It's worth noting that there are significant differences in all the cases that have so far gone forward, so each one will need to be addressed individually. Uber's one silver bullet is the claim that the complainants are going after the wrong party, that the NZ operation is not responsible, despite being a wholly owned subsidiary of the operation they would like to refer the case to, employing the only people that Uber even has in NZ. For this reason, they are seeking to not even have the cases heard at all. However, of course, it could be argued that this IS the main defense, and that therefore a hearing is the place for the evidence either way to actually be heard.
My understanding is that where the claim is over contract breach, the question is about who the contract the driver had is actually with. I think that if it is ever pinned on the NZ operation, it will be by virtue of an oral contract.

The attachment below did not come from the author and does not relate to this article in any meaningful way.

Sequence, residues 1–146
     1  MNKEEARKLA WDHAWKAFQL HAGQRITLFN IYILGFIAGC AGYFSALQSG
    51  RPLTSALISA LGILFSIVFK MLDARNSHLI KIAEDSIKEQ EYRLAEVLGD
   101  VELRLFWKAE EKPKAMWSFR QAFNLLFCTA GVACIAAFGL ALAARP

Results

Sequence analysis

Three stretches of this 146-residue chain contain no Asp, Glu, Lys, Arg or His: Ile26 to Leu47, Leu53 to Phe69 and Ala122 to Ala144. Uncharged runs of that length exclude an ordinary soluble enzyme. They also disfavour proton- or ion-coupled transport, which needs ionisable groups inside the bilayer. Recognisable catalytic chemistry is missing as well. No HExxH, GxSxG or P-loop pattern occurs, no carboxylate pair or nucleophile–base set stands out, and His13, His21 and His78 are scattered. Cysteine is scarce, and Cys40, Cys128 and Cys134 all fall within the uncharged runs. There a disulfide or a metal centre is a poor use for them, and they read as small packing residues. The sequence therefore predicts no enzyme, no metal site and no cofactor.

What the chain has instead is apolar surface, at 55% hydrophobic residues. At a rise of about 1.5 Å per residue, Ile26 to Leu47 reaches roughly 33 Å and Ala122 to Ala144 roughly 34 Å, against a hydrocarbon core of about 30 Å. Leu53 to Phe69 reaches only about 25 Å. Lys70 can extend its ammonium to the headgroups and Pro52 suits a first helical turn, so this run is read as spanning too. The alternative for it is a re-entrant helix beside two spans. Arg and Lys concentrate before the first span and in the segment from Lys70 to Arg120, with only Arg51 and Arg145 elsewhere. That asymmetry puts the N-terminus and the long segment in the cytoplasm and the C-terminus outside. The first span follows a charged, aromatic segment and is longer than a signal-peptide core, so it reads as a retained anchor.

Naturally, as with every complaint to Uber, there is no way to ascertain whether their claim to have disciplined the human driver even happened at all. And if it did happen, there is no way that the person being disciplined got any kind of natural justice. Their method of distancing themselves from all responsibility, whilst retaining all power and control, is literally going to have to kill someone before it is ever pulled apart. Even then, I think it's going to be difficult when regulators are craven enough to simply use the excuse that they "don't want to stand in the way of innovation". It would seem that no law breaking is egregious enough to justify halting the mighty god Innovation. But the Innovation defence is, unfortunately, not any defence for the drivers themselves. As agents of Innovation, they find themselves to be legal cannon fodder.